So we’re going to take all of these insecurities, vulnerabilities and holes – package them up with non-technical people demanding insecure practices so that they don’t have to learn or think and we’re going to replicate this ad nauseum and store the results in one gigantic computer grid system? Awesome. Maybe I should trade in my whitehat for a black one – since thats obviously where all the focus, media, fear and money are going to be. Or maybe I’ll just make my white hat bigger – perhaps people will come to their senses and listen to fact and reason. Perhaps not. I guess we’ll see.
I’m not the only one, either…
http://www.sensepost.com/blog/3706.html – open the ppt, this was the defcon talk. they pwned amazon ec2.
http://evilpacket.net/ – see the ‘theft of a rackspace cloud api key’. These guys got root on the rackspace/mosso cloud.

I was late to hear – by a day. Thats 10 years in internet time, we all know. If you’re not in InfoSec you probably didn’t hear. Maybe you heard somewhere, irc, twitter, other bits of the intarnets that Kevin Mitnick got hacked. Everyone chuckled. As it turns out a whole bunch of people got compromised. People I know personally who I consider friends. Rob Fuller, Dan Kaminsky, the Hak5 group and a handful of others, including Kevin Mitnick.

Personal details were revealed, emails, chat logs – pretty scary stuff – and very sobering. A clear demonstration that things like cross site scripting and the spreading of malware (likely for the use of cascading spam or addition to botnets) is the least of our problems. Also clear proof that people who consider themselves security folks have to be very wary of using creature comforts such as reusing passwords or even operating a wordpress blog (3 updates in a month?! and 2.8.2 is vulnerable? gaw!).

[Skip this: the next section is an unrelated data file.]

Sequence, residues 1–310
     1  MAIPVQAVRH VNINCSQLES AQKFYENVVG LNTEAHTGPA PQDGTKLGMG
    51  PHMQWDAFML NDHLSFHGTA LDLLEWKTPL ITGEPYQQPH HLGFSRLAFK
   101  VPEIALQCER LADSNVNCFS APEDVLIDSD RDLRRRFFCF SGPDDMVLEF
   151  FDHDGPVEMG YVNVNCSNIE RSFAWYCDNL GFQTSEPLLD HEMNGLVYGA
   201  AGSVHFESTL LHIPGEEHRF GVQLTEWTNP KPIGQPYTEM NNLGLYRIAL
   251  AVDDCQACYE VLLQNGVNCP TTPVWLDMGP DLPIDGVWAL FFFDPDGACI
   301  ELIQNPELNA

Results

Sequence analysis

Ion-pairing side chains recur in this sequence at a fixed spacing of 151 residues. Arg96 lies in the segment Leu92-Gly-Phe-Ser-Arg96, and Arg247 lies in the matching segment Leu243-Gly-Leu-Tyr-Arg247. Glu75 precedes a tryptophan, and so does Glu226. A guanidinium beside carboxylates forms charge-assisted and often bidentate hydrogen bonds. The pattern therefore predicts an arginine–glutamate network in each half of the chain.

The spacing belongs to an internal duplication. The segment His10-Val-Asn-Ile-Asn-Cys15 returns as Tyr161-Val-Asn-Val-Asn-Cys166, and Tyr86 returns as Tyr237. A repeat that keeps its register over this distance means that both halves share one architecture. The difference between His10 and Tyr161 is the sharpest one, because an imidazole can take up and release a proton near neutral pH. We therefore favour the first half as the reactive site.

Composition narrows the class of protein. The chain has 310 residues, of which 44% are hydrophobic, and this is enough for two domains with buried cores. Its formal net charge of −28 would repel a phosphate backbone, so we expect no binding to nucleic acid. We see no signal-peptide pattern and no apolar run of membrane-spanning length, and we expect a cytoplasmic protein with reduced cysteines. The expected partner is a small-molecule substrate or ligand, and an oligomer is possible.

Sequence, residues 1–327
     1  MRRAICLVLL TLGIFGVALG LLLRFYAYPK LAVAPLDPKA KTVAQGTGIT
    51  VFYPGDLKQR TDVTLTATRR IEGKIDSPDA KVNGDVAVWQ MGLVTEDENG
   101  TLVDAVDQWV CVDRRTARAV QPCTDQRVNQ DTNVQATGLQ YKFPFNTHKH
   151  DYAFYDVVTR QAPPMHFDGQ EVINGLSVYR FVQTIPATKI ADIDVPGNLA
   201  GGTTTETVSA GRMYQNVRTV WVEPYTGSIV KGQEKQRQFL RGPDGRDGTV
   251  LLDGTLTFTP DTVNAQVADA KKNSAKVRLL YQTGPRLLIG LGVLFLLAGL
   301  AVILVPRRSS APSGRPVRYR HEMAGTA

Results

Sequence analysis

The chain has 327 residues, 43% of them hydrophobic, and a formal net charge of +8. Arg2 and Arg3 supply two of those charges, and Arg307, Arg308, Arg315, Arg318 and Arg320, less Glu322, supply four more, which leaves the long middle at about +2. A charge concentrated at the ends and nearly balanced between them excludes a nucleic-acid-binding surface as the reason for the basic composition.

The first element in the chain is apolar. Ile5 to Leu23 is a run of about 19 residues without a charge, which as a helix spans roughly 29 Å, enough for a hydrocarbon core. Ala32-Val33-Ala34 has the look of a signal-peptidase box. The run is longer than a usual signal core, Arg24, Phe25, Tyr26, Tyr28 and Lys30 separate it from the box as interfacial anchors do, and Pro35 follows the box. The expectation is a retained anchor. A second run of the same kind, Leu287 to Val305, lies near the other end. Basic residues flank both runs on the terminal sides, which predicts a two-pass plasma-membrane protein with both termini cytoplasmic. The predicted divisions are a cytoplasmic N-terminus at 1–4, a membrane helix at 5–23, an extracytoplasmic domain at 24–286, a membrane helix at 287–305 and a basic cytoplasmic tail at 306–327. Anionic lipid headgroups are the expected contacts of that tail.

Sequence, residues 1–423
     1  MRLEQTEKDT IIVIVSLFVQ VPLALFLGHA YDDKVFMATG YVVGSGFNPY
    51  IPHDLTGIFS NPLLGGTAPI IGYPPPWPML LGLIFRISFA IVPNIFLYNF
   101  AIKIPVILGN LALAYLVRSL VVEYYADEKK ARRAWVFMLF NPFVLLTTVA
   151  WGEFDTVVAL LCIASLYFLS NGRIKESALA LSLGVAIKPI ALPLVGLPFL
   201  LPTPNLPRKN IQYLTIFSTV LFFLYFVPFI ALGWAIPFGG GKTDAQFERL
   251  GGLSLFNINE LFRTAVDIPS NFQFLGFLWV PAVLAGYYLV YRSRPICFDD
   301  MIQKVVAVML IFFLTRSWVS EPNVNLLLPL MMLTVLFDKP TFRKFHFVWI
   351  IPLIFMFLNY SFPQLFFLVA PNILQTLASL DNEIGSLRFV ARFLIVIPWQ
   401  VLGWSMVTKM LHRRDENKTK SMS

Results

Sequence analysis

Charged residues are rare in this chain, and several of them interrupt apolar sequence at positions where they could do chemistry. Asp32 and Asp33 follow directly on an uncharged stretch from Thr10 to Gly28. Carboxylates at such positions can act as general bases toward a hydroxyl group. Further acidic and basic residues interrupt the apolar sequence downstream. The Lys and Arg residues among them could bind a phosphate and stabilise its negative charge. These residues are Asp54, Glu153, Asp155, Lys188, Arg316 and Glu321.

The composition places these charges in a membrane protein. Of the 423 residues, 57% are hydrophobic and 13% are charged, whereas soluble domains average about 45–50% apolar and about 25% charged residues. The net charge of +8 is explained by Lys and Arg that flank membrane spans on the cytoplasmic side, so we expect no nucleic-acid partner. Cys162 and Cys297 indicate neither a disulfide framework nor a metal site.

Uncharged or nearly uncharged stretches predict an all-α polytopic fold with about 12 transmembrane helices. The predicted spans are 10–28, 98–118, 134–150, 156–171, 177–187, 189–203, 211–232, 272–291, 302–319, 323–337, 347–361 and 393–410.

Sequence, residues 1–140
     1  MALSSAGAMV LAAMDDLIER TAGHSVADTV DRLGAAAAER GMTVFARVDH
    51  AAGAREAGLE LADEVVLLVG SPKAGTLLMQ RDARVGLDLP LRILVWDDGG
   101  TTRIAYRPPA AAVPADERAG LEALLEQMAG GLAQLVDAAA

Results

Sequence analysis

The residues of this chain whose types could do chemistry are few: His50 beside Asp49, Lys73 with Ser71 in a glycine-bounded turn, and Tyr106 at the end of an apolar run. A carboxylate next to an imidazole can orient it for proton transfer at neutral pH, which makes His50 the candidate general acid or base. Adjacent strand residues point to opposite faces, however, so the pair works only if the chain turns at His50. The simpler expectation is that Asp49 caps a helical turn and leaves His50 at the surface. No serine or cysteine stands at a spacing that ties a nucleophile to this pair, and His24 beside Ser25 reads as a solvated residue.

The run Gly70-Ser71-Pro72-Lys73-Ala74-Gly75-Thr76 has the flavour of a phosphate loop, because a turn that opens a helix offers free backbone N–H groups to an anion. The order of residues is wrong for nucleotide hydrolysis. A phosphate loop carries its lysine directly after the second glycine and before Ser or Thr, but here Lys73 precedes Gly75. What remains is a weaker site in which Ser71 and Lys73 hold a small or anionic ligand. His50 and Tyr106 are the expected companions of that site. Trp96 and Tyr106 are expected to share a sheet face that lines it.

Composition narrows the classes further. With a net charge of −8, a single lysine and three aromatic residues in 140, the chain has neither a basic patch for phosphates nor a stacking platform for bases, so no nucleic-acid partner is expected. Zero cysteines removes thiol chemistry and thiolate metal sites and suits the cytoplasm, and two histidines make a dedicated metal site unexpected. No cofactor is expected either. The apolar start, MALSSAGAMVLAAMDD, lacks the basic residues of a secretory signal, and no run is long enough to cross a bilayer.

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Making Security Research Relevant

I’m very very open and transparent about security, technology and what I do. I’ve written documentation so thorough that my clients have ended the contracts stating “we dont need you anymore – with these docs we can do the work ourselves” – in the grander scheme of things thats awesome. I love it when clients learn from me and it makes me feel really good about what I do – especially if it sticks the first time – but it certainly is prohibitive towards me paying my rent.

I’ve been very vocal in the last year about what I do – to the point it manifests itself as talks I give during BarCamp (LA and San Diego), and Refresh San Diego which is held at Qualcomm. Here is my most recent talk

Security 102, part 1 from Dan Tentler on Vimeo.

Security102, part 2 from Dan Tentler on Vimeo.

Video courtesy of @northlight

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Security 101 at Refresh SD – Jan 13, Qualcomm campus

I thought that doing security101 at places like oggis may have been a tactical mistake because I want people to actually learn and benefit from some of this stuff, so having the discussion broken by the wait staff frequently simply murdered all the momentum the discussion had and the event turned into a hacking 101 lab where I just demonstrated attacks.

That being the case doing a security101 class in an actual classroom environment where I can have the attendees comfortable and perhaps even have a projector would likely be far far better. Phelan was gracious enough to let me usurp the january installment of refreshsd to give my security101 talk in a more meaningful and more formal environment. Refresh this month is on the 13th – see refreshsd.org for details, or see the meetup group.
Here is my proposed curriculum:

Basic networking
– How do computers talk?
– what is a packet?
– whats IN a packet?

clear text versus encryption (http, ftp, dns)
how websites pass information around
How to tell if the site you’re on is passing your information encrypted or not.
Some network voodoo – watching the stream
-watching dns queries
(the next three may or may not be permitted depending on qualcomms network configuration)
basic man in the middle example
faking ssl certs
changing dns

Hope to see you all there!